Hey there everyone – Michael here. School’s back in effect for me, and I imagine it’s the same for a lot of you as well. Or maybe you’re Australian and it’s about to end. In either case, what a wonderful time for my programmer brain to decide it wants to start a new project! I’d like to propose it and guage interest from the community first, though.
So, what is it?
I’d like to revive the Peace Engine. For those who may not know, Peace Engine was Bit Phoenix’s flagship game engine from back when we were known as Watercolor Games. It was built on-top of MonoGame, and was the backbone of The Peacenet.
Peace Engine featured a relatively simple user interface system for building desktop UIs, a module system built on the concept of dependency injection for extending the engine, a real-time OGG Vorbis audio processor, a ShiftOS-esque skinning system for the UI, and basically everything necessary to run The Peacenet, all for the convenient price of a really complicated and annoying development experience!
It’s no wonder we ditched it in favor of the Unreal Engine in mid-2018 and haven’t looked back. But I’d like to give our poor flagship engine another run.
…I hear you ask. Well that’s a good question. It’s always good to ask “why” when starting a project. Why do you need it? What’s it’s purpose? What do you want out of it? I’ll answer all three for you. How about that?
Why does Peace Engine need to exist?
The simple answer is: it doesn’t. I know this already. The Peacenet is doing perfectly fine in Unreal. There’s no real need for us to write our own engine. But I’ll ask you… why the hell SHOULDN’T we?
Last year, while developing Peacenet in Unreal, I took two dual credit courses at St. Lawrence College. Basically, they’re college courses, that you’d typically have to pay tuition to take, but you get to take them for free while in highschool as a way to safely transition into college life and gain experience. You also get both a highschool credit and a college credit, hence the name, dual credit.
In my case, I took two gamedev courses. The first one was an introduction to C++, and the second was an introduction to SDL2 with C++. I’d love to use these skills.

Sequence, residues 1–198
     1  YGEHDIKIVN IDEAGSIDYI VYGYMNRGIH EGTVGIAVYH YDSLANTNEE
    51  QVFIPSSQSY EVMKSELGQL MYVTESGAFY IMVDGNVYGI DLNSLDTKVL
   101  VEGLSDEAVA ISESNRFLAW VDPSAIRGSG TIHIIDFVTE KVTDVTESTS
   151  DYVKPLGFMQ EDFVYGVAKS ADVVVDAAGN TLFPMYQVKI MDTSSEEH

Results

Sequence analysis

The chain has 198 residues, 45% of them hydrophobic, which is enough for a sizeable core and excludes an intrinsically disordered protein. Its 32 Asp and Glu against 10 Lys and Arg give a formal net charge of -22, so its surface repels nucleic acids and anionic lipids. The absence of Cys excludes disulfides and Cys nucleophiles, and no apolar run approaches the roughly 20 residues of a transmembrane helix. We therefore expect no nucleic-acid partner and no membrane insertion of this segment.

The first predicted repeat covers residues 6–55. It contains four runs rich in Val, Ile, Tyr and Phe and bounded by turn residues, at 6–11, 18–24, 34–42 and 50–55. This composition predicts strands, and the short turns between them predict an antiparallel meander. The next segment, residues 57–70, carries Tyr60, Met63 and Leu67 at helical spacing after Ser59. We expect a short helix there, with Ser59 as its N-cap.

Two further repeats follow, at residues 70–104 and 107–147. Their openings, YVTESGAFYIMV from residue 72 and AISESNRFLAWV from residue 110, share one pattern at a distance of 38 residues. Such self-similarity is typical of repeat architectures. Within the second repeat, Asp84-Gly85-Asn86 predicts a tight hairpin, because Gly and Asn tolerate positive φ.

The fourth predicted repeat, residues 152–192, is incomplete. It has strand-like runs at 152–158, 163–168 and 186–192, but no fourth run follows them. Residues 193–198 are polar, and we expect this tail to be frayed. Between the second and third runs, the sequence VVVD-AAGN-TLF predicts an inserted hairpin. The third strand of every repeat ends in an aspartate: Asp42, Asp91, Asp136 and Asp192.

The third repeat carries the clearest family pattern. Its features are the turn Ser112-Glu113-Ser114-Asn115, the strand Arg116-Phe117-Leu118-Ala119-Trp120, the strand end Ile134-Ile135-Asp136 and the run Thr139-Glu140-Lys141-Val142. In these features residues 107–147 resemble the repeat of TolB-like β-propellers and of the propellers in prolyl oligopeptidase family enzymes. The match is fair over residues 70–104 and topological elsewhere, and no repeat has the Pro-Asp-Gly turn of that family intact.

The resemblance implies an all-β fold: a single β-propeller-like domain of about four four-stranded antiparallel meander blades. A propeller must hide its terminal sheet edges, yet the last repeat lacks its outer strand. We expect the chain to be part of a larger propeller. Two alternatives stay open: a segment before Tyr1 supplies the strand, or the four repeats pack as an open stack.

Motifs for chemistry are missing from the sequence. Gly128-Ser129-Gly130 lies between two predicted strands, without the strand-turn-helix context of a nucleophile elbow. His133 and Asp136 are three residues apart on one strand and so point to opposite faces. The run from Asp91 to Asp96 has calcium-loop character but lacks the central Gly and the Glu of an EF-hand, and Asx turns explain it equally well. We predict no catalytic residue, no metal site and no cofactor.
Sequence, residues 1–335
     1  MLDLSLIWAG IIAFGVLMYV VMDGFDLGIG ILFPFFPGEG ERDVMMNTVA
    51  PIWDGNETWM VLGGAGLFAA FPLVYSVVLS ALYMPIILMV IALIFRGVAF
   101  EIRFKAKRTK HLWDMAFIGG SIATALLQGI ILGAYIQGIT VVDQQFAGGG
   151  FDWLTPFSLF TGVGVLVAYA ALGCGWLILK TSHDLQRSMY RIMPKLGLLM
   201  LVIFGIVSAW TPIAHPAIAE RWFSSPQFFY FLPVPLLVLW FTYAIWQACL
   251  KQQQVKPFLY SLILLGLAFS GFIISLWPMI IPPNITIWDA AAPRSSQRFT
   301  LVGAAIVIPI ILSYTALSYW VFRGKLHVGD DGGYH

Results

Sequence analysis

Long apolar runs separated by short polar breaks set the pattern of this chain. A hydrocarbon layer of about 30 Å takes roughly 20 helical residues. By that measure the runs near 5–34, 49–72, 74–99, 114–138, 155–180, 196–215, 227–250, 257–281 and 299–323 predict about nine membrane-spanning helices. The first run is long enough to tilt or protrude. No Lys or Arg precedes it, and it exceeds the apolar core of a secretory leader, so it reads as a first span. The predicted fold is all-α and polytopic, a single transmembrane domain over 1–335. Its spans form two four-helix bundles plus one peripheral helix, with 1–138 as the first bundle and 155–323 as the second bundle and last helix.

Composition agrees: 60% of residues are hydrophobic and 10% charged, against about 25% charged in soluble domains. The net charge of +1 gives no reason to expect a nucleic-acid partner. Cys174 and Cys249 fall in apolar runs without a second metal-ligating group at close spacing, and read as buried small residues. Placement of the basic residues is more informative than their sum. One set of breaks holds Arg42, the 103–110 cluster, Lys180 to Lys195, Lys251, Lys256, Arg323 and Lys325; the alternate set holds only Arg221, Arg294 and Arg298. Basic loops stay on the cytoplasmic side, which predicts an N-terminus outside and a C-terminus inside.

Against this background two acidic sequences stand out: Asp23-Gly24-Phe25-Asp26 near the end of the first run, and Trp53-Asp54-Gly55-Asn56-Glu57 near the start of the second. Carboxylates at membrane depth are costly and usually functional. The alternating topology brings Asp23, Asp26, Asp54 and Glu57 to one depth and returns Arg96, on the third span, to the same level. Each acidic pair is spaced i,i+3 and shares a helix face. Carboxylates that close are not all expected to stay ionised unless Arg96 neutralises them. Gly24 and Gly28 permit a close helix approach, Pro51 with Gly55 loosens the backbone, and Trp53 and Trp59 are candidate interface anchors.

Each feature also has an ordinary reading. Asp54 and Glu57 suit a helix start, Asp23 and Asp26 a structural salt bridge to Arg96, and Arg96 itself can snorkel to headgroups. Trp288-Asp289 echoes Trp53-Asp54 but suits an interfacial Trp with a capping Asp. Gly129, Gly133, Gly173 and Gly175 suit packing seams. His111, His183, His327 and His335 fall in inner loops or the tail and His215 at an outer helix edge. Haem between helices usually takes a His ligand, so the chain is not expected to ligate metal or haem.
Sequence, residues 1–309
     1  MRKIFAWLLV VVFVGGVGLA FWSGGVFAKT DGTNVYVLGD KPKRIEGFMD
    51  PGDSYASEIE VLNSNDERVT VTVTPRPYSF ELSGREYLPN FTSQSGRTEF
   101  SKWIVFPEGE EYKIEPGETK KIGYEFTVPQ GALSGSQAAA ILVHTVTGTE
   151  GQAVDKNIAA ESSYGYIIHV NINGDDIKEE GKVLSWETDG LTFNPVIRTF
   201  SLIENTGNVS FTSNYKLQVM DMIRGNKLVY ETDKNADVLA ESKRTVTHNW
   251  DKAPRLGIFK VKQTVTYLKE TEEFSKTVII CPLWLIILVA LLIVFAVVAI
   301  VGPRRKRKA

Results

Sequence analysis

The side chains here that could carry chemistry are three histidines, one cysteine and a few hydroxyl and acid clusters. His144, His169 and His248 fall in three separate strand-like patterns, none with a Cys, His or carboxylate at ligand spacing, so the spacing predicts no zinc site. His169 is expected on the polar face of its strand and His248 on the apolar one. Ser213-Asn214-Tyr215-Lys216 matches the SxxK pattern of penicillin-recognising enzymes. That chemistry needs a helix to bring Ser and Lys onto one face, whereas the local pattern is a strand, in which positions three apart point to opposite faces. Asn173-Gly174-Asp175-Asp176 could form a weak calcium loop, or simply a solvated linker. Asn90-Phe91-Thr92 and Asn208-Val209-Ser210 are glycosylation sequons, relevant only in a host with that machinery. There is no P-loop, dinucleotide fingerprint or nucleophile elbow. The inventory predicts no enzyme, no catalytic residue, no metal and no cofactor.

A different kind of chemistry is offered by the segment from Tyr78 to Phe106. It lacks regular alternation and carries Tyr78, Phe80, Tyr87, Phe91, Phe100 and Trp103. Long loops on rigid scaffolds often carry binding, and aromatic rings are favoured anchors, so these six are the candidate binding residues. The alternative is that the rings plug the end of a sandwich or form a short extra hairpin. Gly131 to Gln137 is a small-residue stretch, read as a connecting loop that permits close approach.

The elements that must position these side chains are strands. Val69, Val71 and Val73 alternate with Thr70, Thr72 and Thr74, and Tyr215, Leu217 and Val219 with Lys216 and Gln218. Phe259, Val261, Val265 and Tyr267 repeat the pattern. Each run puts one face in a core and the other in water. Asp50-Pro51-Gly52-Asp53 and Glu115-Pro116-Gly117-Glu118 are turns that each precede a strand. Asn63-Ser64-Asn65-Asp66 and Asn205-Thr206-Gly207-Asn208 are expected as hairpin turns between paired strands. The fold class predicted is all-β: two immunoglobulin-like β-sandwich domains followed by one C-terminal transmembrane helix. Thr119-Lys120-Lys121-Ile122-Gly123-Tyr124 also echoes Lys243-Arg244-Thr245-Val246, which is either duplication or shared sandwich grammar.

What’s Peace Engine’s purpose?
Peace Engine’s purpose, this time around, is to finally use my SDL2 and C++ skills that I learned last year in a practical way that can be re-used for any games I decide to make that require it’s features.
What do I want out of Peace Engine?
Operating system games, games that are played through a virtualized OS, seem to be popular among this community. Remember we’ve all come from ShiftOS, right? Already, that’s one.
But there was also DarkOS, ShiftOS’s unreleased spiritual predecessor, and Histaccom, DarkOS’s predecessor. TimeHACK was a rewrite of Histacom, and Histacom2 is a literal CONTIHUATION of Histacom. The Peacenet is the spiritual successor to my branch of ShiftOS, I’ve done the ShiftOS in One Week Challenge, and ShiftOS: Tycoon Edition…exists? That’s a ot of games.
Problem is we all have to either fight an existing game engine’s APIs to get what we want, or roll our own game engine and spend months (or even years) getting things to work right. Ugh! Why not have a common, mature, developed engine that supports this stuff out of the box? That’s what I want out of the Peace Engine.
So that’s why.
To reiterate, I want to write Peace Engine again because it’s fun, because it’ll use the skills I have yet to use in a practical setting, and because maybe it’ll make all these gosh darn OS games easier to develop.
So what can you tell us about it?
Not much yet. I still have to plan things out. But there are a few things that are definitely set in stone that I’ll say right now.
- No, Peacenet’s not getting ported to it. I’m not fixing what isn’t broken.
- Yes, it’ll be written in C++.
- No, it won’t be Windows-only.
- Yes, it’ll be open-source.
- No, it won’t be paid or have any royalties.
- Yes, you’ll be able to donate to the project if it starts taking off.
- No, you won’t need to download a clunky launcher to use it.
- But yes, there will be an editor environment, and a scripting system.
Another thing I’ll say, is that I will be reviving ShiftOS–not as a game, but as a demo of the engine’s capabilities, since ShiftOS is the perfect kind of thing to be able to take advantage of the engine. While I’m aware of the stigma and bad reputation associated with the name “ShiftOS,” I’m also aware that it ws my administration of the community, and the lackluster gameplay that were the elephants in the room. This time around, it’ll just be a demo for the engine it’s built upon.
Anyway, more info coming soon. Thanks for reading. 🙂